When it comes to Bitcoin trading, what users appreciate most is having a tool handy to help them make decisions. We’ve got tools like the Fear and Greed Index to help us decide, and this time around, we’ll be taking a closer look at Bitcoin’s dominance ratio to see how it can help with your trades. 

What is Bitcoin dominance?

Bitcoin dominance is the measurement of the total market capitalization of Bitcoin in relation to the market capitalization of cryptocurrencies as a whole. In other words, it’s how present Bitcoin is in the cryptocurrency market. We can get the dominance ratio of Bitcoin through this formula:

Bitcoin dominance ratio = Bitcoin market cap/Total cryptocurrency market cap

The reason that this is important is that it can give you an idea of which currencies are currently utilized and to what extent. For example, if we were to look at Bitcoin’s dominance back in 2009, you would have seen a 100% dominance—that’s easy to understand since Bitcoin was the only cryptocurrency at the time. Over time, that 100% would decrease as more and more cryptocurrencies are introduced. Bitcoin dominance would reach 46% in June 2022, the highest its been since its 41% last October 2021. 

Over its lifetime, Bitcoin’s share in the total market cap of cryptocurrencies is consistently the majority. We can point this to the fact that Bitcoin was the first, but we can also look at its level of adoption and utilization as significant factors with Bitcoin dominance. 

What affects Bitcoin dominance?

As we’ve mentioned above, Bitcoin’s dominance is a ratio of Bitcoin’s market cap and cryptocurrency market cap. That means that, for the most part, Bitcoin’s dominance is affected by two main things—Bitcoin and altcoin value. 

Bitcoin value

It stands to reason that Bitcoin’s value would play a big part in this. It should be clarified, though, that when we talk about Bitcoin’s value here, we are talking about its movement as well. That includes the reasons Bitcoin’s value may have dropped or increased

Let’s take Bitcoin’s early days as an example again. Before the increase in altcoin options, Bitcoin was steadily in the 95% and above dominance. As more and more altcoins joined the market, Bitcoin’s value would increase but would also lose some dominance. At its lowest point, Bitcoin dominance would hit 35%. 

Many people pointed out the fact that it was around this time (2017) that initial coin offerings (ICOs) gained popularity. This would imply that the market simply diverted more attention (and funds) towards buying altcoins in these ICOs. As more time passed, many of these altcoins would cease to exist or lose so much value as to be irrelevant—resulting in an increase in BTC dominance once again.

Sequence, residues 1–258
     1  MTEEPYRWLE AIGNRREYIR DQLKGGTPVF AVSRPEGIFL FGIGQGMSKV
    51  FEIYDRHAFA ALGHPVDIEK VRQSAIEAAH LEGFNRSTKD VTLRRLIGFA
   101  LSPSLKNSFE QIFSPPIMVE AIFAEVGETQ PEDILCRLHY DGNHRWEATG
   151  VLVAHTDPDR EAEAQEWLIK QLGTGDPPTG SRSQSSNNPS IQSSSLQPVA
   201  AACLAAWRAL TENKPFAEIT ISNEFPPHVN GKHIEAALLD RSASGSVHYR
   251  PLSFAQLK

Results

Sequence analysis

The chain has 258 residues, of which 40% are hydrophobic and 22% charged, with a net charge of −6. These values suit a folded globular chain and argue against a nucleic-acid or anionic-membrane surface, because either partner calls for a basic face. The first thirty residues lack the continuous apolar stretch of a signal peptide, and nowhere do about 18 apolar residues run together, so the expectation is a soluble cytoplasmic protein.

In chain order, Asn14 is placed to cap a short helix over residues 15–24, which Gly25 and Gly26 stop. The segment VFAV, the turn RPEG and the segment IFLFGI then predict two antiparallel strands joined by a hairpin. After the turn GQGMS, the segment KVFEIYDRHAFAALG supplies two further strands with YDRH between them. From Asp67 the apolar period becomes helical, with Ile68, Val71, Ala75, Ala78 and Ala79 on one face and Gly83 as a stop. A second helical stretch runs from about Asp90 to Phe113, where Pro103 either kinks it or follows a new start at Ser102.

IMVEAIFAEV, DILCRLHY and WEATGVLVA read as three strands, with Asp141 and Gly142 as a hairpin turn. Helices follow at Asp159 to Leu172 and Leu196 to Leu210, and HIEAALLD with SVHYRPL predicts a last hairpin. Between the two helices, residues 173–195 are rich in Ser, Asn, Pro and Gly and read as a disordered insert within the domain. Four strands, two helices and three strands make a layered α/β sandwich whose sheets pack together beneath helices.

Altcoin value

In the same way, the altcoin value movement will affect Bitcoin’s dominance ratio since this will be what Bitcoin will be measured against. As altcoin performance and movement improve, Bitcoin will begin to lose its position in the market. 

While it may seem that altcoins were in the process of dominating a more significant portion of the market just a few years ago, this current crypto winter is proof that initial performance is not necessarily indicative of long-term performance. This has also gone on to weed out pump-and-dump schemes as the sudden fluctuations exposed developers with bad intentions. An unfortunate side effect of all this is the fact that many users who relied on these altcoins lost a lot of their capital. 

That’s not to say that altcoins, in general, are wrong—more, altcoins just aren’t as established and adopted as Bitcoin. Currency utility remains to be a big part of what makes a cryptocurrency successful, and as long as altcoins remain limited in their use, they will find a more challenging time creating a foothold in the market. 

Bitcoin dominance chart

To give you a better understanding of how BTC dominance is represented, here’s a chart that can help visualize cryptocurrency market shares:

Source: https://coinmarketcap.com/charts/

Through this chart, we can get an overhead view of Bitcoin and all the other cryptocurrencies over the years and how well they’ve performed. Notice how Bitcoin’s dominance in 2014 steadily waned as more and more altcoins were introduced. Despite that, Bitcoin would retain the majority of the market, persisting through fearful and uncertain markets. 

Should you rely on Bitcoin dominance when trading?

What we have to emphasize, after all that, is that Bitcoin’s dominance ratio isn’t a one-size-fits-all answer to many of our trading questions. At its core, the dominance ratio is simply a tool that users can use to make educated decisions. It’s similar to the Fear and Greed Index in that it is simply a meter that shows how the market is currently behaving and how it perceives Bitcoin or altcoins. 

As far as tools go, the dominance ratio remains to be one of the most important. It provides a good description of market behavior and attitude and does so in a way that’s easy to understand for most people.

Despite how valuable a tool may be, though, practical research is still more important. Tools are just that; tools for our use. If we ourselves aren’t informed or educated enough, even the best tools will be hard to use or ineffective. 

Utilizing all the available tools

At the end of the day, the most important thing for the Bitcoin community is that they’re made aware of all the available tools that are available to them and provide a good description of their best use. With the proper education and information, it’ll be easier for you to avoid making rash decisions. 

But that does carry with it the prerequisite of doing your own research first. If you can imagine it, a lot of Bitcoin traders get by just by studying the markets without the use of these tools. Give yourself the advantage by learning what you can and making that knowledge much more effective by using what’s available to you.